Aproveitar o tempo!

Tirar da alma os bocados precisos – nem mais nem menos –
Para com eles juntar os cubos ajustados
Que fazem gravuras certas na história
(E estão certas também do lado de baixo que se não vê)…
Pôr as sensações em castelo de cartas, pobre China dos serões,
E os pensamentos em dominó, igual contra igual,
E a vontade em carambola difícil.
Imagens de jogos ou de paciências ou de passatempos –
Imagens da vida, imagens das vidas. Imagens da Vida.

Aproveitar o tempo!
Ah, deixem-me não aproveitar nada!
Nem tempo, nem ser, nem memórias de tempo ou de ser!…
Deixem-me ser uma folha de árvore, titilada por brisa,
A poeira de uma estrada involuntária e sozinha,
O vinco deixado na estrada pelas rodas enquanto não vêm outras,
O pião do garoto, que vai a parar,
E oscila, no mesmo movimento que o da alma,
E cai, como caem os deuses, no chão do Destino.

Álvaro de Campos, in Apostila


Era a ocasião de estar alegre.

Mas pesava-me qualquer coisa, uma ânsia desconhecida, um desejo sem definição, nem até reles. Tardava-me, talvez, a sensação de estar vivo. E quando me debrucei da janela altíssima, sobre a rua para onde olhei sem vê-la, senti-me de repente um daqueles trapos húmidos de limpar coisas sujas, que se levam para a janela para secar, mas se esquecem, enrodilhados, no parapeito que mancham lentamente.

Bernardo Soares, in Livro do Desassossego

Quiet Little Place

In this quiet little place
I can’t remember having known a different pace
In this quiet little place
I can surrender to the beauty of its face

And now everything I see
Whether it’s an airplane or a tree
It makes me wonder
About the things I must have missed
And the chains around my wrists
They are no longer

In this quiet little place
I can’t imagine what it’s like to be back home
Where they care about what time it is
And spend their days answering the phone

And now everything I feel
Whether it’s fiction or it’s real
It’s so much clearer
Like the color of this light
It seems more dangerous and bright
But I don’t fear her

And slowly it fades, I’m back in the race
I have to fight it, I know
I don’t want to go away

In this quiet little place
You run your fingers through my hair and whisper “Hey”
And no matter how I try
I can’t seem to think of anything better to say

The Creak Outside Jack’s Door

The creak outside his door
Tore Jack from his reading.
“What could be that croaking?”
He set out to explore.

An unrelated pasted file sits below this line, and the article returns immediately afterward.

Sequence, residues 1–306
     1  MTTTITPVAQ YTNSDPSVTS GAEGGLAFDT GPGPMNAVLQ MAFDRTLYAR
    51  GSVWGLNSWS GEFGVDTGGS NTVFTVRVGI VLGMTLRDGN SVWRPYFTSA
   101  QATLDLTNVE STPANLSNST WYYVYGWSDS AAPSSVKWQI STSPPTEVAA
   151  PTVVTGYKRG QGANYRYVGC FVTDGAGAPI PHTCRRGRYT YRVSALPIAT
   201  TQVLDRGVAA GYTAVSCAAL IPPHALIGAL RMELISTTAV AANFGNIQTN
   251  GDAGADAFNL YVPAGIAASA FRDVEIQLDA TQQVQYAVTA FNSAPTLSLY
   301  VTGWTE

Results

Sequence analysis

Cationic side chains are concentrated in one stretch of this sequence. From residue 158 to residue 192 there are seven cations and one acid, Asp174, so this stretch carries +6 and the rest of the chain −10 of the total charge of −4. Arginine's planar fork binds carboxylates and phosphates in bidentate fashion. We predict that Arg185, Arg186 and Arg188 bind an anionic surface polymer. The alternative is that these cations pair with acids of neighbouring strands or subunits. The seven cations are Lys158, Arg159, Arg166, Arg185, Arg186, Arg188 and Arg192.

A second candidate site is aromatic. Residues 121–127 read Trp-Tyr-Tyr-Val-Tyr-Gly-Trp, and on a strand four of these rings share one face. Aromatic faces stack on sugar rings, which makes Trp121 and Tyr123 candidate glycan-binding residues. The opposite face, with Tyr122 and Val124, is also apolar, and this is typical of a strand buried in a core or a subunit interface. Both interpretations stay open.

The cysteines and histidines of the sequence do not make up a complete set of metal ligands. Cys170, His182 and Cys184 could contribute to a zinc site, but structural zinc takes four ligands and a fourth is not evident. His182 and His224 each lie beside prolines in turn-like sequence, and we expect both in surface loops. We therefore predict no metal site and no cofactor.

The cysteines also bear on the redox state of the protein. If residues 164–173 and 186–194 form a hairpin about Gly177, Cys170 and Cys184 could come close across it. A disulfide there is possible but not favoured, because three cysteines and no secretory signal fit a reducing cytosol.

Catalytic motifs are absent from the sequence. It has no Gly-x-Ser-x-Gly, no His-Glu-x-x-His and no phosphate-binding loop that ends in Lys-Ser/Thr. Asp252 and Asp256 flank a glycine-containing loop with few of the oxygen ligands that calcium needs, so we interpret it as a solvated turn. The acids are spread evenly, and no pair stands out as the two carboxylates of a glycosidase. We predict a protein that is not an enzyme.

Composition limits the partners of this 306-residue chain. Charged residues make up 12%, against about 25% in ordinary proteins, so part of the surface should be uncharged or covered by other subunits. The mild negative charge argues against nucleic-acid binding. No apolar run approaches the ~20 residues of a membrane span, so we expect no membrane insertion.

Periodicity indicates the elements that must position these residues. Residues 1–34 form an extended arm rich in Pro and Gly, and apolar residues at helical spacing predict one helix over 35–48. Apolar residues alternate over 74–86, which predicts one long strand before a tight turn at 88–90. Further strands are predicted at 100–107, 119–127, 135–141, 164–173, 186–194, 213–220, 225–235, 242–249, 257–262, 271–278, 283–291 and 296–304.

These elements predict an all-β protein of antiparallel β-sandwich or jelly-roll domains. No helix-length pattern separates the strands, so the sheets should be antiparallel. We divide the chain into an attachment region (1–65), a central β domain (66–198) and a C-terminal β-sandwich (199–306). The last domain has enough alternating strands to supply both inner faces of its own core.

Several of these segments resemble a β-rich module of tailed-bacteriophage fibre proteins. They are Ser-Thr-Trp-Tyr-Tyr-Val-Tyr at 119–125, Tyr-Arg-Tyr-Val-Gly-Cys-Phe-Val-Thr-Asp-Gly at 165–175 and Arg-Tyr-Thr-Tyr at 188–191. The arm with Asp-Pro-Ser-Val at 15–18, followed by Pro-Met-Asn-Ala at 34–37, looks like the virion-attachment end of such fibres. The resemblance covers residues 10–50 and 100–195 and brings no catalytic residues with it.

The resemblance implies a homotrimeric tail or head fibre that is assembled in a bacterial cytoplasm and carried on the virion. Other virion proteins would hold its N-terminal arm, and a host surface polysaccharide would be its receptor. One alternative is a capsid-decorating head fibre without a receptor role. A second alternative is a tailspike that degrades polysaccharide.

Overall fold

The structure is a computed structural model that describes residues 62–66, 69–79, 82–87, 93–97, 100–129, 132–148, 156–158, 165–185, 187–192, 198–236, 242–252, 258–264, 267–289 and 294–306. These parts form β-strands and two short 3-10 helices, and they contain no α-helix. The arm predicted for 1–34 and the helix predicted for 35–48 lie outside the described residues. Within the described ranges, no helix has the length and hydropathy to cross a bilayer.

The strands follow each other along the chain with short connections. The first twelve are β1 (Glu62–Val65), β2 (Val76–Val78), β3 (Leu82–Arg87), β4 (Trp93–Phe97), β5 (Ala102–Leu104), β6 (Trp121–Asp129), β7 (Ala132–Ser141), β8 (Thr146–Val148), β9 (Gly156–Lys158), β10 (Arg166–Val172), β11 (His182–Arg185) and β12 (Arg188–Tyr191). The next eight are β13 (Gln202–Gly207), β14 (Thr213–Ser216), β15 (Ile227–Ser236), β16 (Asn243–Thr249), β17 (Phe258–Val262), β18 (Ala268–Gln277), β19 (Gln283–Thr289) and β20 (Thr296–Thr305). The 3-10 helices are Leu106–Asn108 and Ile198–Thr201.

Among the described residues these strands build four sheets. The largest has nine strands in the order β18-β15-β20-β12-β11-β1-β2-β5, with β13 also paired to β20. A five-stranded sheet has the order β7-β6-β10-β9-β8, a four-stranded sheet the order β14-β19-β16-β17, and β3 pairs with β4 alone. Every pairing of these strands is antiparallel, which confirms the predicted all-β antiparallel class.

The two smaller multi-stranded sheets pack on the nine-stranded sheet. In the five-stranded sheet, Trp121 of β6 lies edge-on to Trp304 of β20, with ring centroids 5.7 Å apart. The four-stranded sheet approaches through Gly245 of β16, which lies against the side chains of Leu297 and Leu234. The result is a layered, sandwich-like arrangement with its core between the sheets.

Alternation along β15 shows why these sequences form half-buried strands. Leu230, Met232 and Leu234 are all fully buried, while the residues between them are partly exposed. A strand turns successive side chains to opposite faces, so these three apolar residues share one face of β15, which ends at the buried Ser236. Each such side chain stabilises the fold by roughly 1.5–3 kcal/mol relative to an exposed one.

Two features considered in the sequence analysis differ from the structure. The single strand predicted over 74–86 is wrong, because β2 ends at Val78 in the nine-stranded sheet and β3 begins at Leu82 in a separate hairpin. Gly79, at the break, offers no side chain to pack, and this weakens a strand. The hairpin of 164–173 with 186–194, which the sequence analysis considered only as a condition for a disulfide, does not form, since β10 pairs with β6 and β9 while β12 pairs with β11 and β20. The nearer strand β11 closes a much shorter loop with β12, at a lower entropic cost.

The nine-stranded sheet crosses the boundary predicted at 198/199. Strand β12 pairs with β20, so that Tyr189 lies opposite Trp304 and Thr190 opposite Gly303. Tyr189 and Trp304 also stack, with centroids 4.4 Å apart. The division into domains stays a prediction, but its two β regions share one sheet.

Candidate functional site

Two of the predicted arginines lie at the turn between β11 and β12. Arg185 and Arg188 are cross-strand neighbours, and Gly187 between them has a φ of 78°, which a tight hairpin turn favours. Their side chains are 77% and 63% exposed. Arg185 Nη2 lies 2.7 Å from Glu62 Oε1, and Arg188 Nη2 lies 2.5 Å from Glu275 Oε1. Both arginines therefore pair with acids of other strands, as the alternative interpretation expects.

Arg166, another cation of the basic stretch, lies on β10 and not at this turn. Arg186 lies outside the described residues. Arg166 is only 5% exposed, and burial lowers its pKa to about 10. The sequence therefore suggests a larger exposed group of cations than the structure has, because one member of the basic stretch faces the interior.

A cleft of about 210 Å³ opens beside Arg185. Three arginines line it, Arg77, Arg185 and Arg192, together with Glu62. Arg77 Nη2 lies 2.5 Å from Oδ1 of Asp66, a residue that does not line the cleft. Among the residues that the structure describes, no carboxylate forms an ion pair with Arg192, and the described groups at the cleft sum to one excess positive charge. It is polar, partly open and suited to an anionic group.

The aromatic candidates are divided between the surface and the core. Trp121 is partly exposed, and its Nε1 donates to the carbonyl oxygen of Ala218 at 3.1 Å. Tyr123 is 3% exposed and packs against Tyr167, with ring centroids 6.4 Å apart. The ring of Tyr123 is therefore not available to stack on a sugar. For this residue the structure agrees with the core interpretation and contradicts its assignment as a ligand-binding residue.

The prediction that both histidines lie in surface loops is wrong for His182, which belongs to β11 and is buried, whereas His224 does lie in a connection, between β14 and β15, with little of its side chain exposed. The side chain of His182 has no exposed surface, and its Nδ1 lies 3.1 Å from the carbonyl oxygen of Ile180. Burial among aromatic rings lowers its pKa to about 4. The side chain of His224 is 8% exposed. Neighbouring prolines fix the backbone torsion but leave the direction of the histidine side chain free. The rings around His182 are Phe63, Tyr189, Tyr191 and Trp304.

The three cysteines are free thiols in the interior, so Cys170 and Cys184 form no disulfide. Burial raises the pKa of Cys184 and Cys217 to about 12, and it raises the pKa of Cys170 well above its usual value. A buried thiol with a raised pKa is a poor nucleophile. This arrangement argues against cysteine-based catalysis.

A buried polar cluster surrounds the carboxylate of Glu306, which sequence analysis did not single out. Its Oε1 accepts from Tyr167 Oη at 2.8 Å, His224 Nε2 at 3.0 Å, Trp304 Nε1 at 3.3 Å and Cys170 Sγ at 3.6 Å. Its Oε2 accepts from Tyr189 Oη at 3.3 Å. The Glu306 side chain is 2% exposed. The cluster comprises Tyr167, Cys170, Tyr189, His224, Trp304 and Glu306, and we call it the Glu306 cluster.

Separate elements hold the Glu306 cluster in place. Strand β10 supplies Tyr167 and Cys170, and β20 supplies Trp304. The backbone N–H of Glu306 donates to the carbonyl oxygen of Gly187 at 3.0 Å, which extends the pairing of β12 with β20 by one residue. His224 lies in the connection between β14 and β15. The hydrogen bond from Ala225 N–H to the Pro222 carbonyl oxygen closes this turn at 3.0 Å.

But not yet was he standing,
Back down onto his chair,
His hind made a landing
And instead stood his hair.

“It’s just the wood splitting”
To himself he mumbled.
Slam! The wood floor hitting,
The heavy book tumbled.

Jack’s heart’s heavy thumping
Raced at such a fast pace
Now twice the clock’s ticking,
Placed cold white on his face
Where before there was red
And a chill down his spine
That through his body spread
And his spirit malign.

“That sound was not a thing.
It’s gone and won’t return.
The old wood plank did earn
A right to croak and sing.
There’s nothing to fear.
Naught will appear.
No, Not here.
All is clear.”

But the creek did recur,
Now closer and stronger.
“I can read no longer,
This dread I can’t defer”

“What rests outside the door?
Nay, unrests ‘cross my floor!
I calm my nerves it comes,
I wreck my calm it turns!
It knows my mind I’m sure!
Where brave are rich I’m poor!”

The long arms of his chair
His bony fingers clutched,
He suddenly felt touched
And he Screamed in dispair!

The corner of his room
He pressed himself against,
The icy wall he sensed
Panic his soul consumed.

He felt the wall’s embrace,
Set eyes to scrutiny,
Searched the entire place,
But found no villainy

Shaking from head to toe,
Gripping his chest bloody,
Gone mad in his study,
Good old jack had to know!

“What could have scared me so?”

“If I get up from here,
To the door place an ear,
Put away my concern
And my breathing govern,
I will hear what I fear,
Find it to be not queer
Just musings of the oak
Playing Old Jack a joke.”

But Old Jack would not rise.
He would not leave behind
That corner oh! so kind.
So his plan did revise.

“I’ll stay here
Where it is clear
That damned door
I won’t go for
If I wait
My dread abate
The dawn come
My fear be done”

The night seemed to linger,
The weather was changing.
Jack gnawed on his finger,
His legs were cramping.

The wind was heard to howl
To shriek and blow harder,
The oil lamp was now foul
Burning with less ardor.

The breeze coming under
The door brushed the fickle flame
And with roaring thunder
Did the only light claim.

Immerse in the darkness
Old Jack’s eyes grew to tears,
He was so scared, appears,
His sins he did confess.

The creak now sounded close,
Not outside anymore
But underneath the floor;
Of the corner Jack chose

“This dark air frightens me
So I will close my eyes
And of darkness be free.”
Old Jack thought himself wise.

The dark in his control
Old Jack’s nerves got relief
And surrendered some brief
Peace to his meager soul.

Loud, rough and violent
shoke the door on it’s hinge,
Causing Old Jack to cringe,
And again turned silent.

“These sounds terrify me
So I’ll listen no more,
Of creaks and croaks be free
And not fear anymore.”

Putting his fingers in
His ears Old Jack went deaf,
No lute or violin
could he hear more then clef.

Still he was not at ease,
In his mind he did see,
which made him want to flee,
The door open and him freeze.

All his nightmares rushed in
And surrounded Old Jack,
Ardent to launch attack
at the drop of a pin.

“I can not bear this mind
My fears, it turns to pain
I have gone deaf and blind,
Now choose to be insane.”

His eyes turned white,
He looked affright,
But gone was his mind
And his fate was kind.

There was nothing to fear
In what he could not hear.

There was no cause for concern
In what he could not discern.

Nothing that could bring him torment
Could his empty mind now invent.